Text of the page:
The government proposed a new law governing religious life in the country, which was open for public comment until the end of the year and was scheduled for debate in parliament in 2018. For the first time, the law would require all religious as well as life-stance groups to have at least 500 members to be eligible for government funding. The existing law applied the requirement only to life-stance groups. The MOC said the law could potentially affect approximately one quarter of religious groups in the country. The proposed law would codify the legal status and funding support structures for the Church of Norway and other religious groups, following the formal separation of the Church of Norway from the government at the beginning of the year. The Church of Norway would retain financial support from the government under the proposed law, including for maintaining historic church buildings and certain administrative expenses. Religious communities and those who worked on interreligious dialogue complained the proposed law was developed without a preceding white paper on religion and life-stance policies. A white paper would normally present the policy goals behind new legislation. Some religious and life-stance communities, such as the Norwegian Humanist Association, said the new law provided preferential financial treatment for the Church of Norway.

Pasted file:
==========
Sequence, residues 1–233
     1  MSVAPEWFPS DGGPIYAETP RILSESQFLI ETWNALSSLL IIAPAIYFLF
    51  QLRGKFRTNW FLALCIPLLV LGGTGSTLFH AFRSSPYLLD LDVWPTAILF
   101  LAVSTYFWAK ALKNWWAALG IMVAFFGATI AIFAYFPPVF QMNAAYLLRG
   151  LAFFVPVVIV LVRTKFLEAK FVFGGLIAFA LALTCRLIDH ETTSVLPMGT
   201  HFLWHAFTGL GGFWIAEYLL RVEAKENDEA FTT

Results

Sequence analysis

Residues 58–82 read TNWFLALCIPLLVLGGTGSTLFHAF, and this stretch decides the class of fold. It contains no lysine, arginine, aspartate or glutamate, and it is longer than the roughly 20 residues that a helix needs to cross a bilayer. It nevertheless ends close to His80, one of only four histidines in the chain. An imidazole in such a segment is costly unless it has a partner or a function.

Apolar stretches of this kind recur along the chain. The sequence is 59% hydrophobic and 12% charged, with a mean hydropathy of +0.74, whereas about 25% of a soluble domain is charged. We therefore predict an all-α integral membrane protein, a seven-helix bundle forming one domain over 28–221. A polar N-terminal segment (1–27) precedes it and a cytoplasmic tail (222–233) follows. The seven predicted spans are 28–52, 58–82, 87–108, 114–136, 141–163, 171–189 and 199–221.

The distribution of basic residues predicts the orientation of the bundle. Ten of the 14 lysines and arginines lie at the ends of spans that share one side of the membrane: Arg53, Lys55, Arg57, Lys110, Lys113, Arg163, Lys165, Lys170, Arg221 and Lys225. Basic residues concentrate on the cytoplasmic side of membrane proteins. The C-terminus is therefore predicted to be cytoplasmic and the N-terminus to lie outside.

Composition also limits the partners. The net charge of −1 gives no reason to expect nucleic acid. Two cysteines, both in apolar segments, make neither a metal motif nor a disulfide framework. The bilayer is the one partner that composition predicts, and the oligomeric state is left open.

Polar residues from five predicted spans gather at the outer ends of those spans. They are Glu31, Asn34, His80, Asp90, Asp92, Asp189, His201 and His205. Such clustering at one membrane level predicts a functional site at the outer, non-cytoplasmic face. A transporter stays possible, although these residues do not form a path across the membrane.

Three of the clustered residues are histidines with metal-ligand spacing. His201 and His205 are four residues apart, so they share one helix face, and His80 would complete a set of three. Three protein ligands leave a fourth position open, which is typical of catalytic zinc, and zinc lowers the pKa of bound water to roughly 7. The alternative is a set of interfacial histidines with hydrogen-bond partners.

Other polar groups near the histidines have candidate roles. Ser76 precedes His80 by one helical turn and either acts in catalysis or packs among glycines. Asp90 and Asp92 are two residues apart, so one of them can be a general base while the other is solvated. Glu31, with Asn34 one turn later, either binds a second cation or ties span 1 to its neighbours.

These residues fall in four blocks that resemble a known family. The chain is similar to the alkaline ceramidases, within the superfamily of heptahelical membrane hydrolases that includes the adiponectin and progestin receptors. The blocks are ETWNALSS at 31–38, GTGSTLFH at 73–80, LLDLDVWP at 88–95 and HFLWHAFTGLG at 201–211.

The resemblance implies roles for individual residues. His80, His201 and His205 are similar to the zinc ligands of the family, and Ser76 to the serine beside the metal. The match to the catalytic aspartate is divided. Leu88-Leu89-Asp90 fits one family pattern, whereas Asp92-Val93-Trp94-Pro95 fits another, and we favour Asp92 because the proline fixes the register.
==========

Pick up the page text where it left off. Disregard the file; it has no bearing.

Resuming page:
The government continued to implement its action plan to counter anti-Semitism in society. The plan emphasized data collection, training and education programs in schools, research on anti-Semitism and Jewish life in the country, and efforts to safeguard Jewish culture. Under the plan, police must work toward including anti-Semitism as a separate category of hate crime in police statistics. The Center for Studies of the Holocaust and Religious Minorities (HC), an independent research and educational center, and the DMT leadership said the plan could have gone further, but they were generally positive about it, since it allocated resources to education about anti-Semitism in society and focused attention on efforts to counter it.

The LDO stated the amended antidiscrimination law should make identifying discrimination easier by consolidating several antidiscrimination statutes.